Guest Post – Defilements

My friend Anil went down memory lane to come up with this post about his childhood and the problems of semi rural/rural India of the forties and early fifties. While in some parts of India, some of the older people still follow some of these beliefs, these have mostly disappeared.

Anil personally, grew out of this background, became an Artillery officer and fought wars beside getting wounded in action too. The first time I met Anil and his lovely wife Nina was when I was on a hospital bed recovering from my first surgery for a hip replacement. In earlier days, a visit to the hospital itself would have been considered a defilement!

Without much ado, I take you to the post to give you an idea of India of a long distant past.

“My childhood was completely governed by severe and conservative middle class Brahminical customs and rules. These were meant to be followed at every single breath and the simplest act of crossing a street meant violating at least a few of them.

In a society riddled with many castes, life was made even more difficult by innumerable sub-castes who had their rules too. It might never be possible to list them since they seemed to have been designed only to ensure the Brahmins maintained their superiority.

Broadly, these customs covered External and Internal defilement of your body. Therefore, on your way to school or office you were advised to stay away from strangers since it was presumed every person on the street was defiled in more than one way.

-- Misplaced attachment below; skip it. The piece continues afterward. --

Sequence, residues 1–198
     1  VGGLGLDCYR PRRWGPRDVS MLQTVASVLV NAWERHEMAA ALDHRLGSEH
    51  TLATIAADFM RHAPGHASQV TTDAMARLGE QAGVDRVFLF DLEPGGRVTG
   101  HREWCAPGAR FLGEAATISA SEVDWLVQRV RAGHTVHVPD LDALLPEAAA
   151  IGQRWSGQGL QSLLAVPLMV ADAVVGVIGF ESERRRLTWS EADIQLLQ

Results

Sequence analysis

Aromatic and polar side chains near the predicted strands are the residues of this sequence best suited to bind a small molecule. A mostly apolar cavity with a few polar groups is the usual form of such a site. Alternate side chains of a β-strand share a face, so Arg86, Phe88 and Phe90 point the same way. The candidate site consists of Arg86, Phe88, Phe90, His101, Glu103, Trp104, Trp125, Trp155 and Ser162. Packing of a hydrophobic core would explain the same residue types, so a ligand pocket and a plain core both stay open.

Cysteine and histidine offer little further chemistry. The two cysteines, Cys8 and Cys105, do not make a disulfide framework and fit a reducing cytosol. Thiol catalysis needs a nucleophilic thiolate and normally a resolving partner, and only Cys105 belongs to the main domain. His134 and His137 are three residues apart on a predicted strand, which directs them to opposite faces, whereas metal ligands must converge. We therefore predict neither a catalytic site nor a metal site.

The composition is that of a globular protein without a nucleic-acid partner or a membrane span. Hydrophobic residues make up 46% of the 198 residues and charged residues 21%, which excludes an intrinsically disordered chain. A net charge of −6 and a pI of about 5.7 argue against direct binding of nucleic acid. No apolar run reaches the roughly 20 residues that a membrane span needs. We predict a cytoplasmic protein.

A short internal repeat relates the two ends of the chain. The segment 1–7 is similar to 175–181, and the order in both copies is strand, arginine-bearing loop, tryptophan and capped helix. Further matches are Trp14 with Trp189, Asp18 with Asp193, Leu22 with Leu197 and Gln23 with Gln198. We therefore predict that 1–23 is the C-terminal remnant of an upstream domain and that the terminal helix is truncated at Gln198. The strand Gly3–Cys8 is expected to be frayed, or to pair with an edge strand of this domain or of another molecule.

Naturally therefore, every defilement had a specified cleansing process that had to be followed outside the house lest you contaminate others in the family or worse, the house itself.

External defilements broadly consisted of seeing a corpse, letting a sweeper crossing your path or even touching a menstruating lady in the family. In fact these ladies made sure they banished themselves to one of the back rooms dedicated for the purpose and stayed there until they cleansed themselves. Use of leather articles like shoes and purses was forbidden as was touching anything with the left hand. My younger brother, who was left-handed, and otherwise an asset as a sportsman, had the most torrid time at home. Our grandmother’s only job was to correct him. He couldn’t touch any food with his left or write or even touch her.

Internal defilements were principally around food and beverages. Milk was hawked by people who couldn’t be touched but the milk they sold was acceptable! I suspect liquor was a “NO” anytime but in retrospect, I wonder why men spent a week-end out of town every month!

Defilements, external or internal, were a matter of principles which were purely a matter of convenience depending upon work, time and place.

And so while we grew up, one day on return of my father from one of his trips my brother, then seven, challenged these customs and flung his food and anything he could get hold of around the house. My father, a soft spoken timid man, joined him and soon we were all flinging things around. Finally, a shocked grandmother tearfully decided only she would follow her customs and rules and we could do as we pleased. We’ve never looked back since.”

And Anil, thank God for that!

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